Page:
Dr. Lurie treated Kristine off and on from January 1989 until November 1994.   During Dr. Lurie's treatment, Kristine terminated Dr. Lurie's services several times.   Dr. Lurie had Kristine admitted to several treatment centers and hospitals, and she was treated by several psychiatrists and therapists.   Kristine was diagnosed by all of her psychiatrists, and Dr. Lurie, as having multiple personality disorder (MPD) and major depression.   During her treatment by psychiatrists, she was given prescription medication such as Prozac for depression, Klonopin for anxiety, and Thorazine, a major tranquilizer.

Dr. Lurie stated that her therapy for the treatment of Kristine's MPD was based on her research of known authorities on the subject such as Dr. Frank Putnam, a well-known psychiatrist.   Following the treatment for MPD promulgated by The American Psychiatric Association, and Dr. Putnam, Dr. Lurie testified that she first established a trust relationship with Kristine, which took about one and one-half years.   Her next goal was to establish communication with Kristine's alters, and tell them they must attend therapy and not harm themselves or the body they shared.   In the next recommended step, Dr. Lurie would try to get the alters to cooperate with each other.   Finally, Dr. Lurie would try to get a unified personality among the alters and Kristine.   Dr. Lurie said her treatment along these lines complied with the standard of care that a reasonable and prudent psychologist would do or refrain from doing under the same and similar circumstances in the Harris County area.   As a licensed psychologist, she neither prescribed any medication nor told Kristine what medicine to take;  she did tell Kristine to take whatever medication her physicians prescribed for her.   Essentially, Dr. Lurie's treatment was “talk therapy” whereby she would listen to Kristine, and try to work with her toward the goals recommended for treatment of MPD.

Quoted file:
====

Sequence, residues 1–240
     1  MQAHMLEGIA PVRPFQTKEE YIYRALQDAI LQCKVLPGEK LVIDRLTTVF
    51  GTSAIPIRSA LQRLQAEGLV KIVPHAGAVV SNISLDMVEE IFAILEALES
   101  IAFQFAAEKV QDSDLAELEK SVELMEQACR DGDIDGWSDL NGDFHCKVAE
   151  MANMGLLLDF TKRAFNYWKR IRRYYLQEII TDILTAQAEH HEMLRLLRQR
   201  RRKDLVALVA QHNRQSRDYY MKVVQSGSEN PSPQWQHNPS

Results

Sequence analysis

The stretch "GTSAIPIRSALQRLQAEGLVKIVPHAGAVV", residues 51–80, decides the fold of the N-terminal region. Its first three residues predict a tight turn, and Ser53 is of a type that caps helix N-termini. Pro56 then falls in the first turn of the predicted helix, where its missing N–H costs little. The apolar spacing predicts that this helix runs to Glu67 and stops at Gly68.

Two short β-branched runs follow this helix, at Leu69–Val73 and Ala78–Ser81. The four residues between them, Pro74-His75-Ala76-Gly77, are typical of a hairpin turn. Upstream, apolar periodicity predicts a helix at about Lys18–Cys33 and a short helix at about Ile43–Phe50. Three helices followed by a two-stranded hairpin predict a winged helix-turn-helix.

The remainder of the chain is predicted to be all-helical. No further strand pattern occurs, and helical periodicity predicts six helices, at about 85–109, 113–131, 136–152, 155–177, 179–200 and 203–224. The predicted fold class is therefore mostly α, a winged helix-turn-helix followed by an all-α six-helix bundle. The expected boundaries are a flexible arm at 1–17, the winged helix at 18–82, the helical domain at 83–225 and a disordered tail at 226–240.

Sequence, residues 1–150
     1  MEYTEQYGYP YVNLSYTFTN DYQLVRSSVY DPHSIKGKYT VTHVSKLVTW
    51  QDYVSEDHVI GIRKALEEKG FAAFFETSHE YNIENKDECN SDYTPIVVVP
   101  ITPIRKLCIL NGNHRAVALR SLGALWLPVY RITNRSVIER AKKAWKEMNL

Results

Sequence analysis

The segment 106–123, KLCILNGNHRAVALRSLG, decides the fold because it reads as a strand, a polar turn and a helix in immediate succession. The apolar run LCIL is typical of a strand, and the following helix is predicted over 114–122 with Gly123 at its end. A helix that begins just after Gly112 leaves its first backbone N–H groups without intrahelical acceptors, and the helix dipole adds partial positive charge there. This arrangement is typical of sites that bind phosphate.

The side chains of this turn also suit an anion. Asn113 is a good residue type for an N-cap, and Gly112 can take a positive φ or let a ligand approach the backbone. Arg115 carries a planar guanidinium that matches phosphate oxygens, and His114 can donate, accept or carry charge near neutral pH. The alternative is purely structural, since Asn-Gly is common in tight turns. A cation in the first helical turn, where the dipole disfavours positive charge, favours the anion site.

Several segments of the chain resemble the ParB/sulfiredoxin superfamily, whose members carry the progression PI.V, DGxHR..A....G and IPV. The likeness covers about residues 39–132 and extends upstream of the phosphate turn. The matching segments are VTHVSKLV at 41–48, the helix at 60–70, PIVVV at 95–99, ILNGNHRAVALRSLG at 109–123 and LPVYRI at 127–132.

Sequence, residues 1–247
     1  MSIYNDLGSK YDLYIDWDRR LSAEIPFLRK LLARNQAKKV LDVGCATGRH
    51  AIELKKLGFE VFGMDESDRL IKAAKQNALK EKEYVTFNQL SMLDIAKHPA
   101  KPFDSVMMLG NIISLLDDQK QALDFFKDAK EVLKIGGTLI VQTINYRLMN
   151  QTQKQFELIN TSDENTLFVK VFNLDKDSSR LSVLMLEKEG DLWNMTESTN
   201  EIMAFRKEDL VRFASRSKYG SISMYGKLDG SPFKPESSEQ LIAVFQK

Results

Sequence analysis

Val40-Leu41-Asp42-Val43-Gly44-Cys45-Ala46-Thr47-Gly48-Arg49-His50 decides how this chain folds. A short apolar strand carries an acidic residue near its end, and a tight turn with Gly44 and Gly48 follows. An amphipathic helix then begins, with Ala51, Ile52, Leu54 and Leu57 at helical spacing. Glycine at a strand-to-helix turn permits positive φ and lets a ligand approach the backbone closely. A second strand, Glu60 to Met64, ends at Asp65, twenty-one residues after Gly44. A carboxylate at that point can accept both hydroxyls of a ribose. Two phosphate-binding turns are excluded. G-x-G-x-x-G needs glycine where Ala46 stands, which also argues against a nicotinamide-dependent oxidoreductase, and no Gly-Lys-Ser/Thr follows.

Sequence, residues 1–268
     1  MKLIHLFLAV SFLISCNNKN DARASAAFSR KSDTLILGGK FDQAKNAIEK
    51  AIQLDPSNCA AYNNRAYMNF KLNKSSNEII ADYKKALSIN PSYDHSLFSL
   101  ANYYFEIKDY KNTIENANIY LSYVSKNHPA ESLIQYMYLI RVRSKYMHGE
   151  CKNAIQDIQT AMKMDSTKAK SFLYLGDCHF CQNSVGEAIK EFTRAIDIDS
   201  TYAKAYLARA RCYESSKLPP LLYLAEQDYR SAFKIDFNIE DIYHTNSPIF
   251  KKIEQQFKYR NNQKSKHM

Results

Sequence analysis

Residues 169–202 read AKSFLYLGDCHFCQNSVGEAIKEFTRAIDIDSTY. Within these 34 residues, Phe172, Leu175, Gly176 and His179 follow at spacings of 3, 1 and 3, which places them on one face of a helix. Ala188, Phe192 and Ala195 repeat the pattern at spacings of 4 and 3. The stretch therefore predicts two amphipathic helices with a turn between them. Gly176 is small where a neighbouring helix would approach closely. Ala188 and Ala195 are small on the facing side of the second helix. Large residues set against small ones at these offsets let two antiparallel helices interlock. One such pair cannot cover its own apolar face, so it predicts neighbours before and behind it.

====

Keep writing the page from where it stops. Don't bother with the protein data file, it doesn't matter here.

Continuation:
One of Kristine's expert witnesses was Dr. Terrence Campbell, a licensed psychologist from Michigan, who spent 80% of his time testifying as an expert in psychology and treatment of various psychological disorders.   Dr. Campbell opined that Dr. Lurie deviated from the “appropriate” standard of care which caused damage to Kristine.   By incorrectly treating Kristine, Dr. Campbell stated that Dr. Lurie “created a therapeutically induced post-traumatic stress disorder” in Kristine.

Dr. Howard Miller, a psychiatrist in Dallas who treated Kristine in 1992, testified that Dr. Lurie's treatment of Kristine between 1989 and 1994 met with the standard of care by a reasonable psychologist.   Dr. Miller opined that Kristine suffered from MPD, and he stated that Dr. Lurie's treatment was in accordance with the accepted standards of treatment for MPD promulgated by The American Psychiatric Association and was appropriate.   He further stated that Kristine's post-traumatic stress syndrome (PTSD) was not caused by Dr. Lurie's therapy.   He opined it could have been caused by her sexual and physical abuse as a child.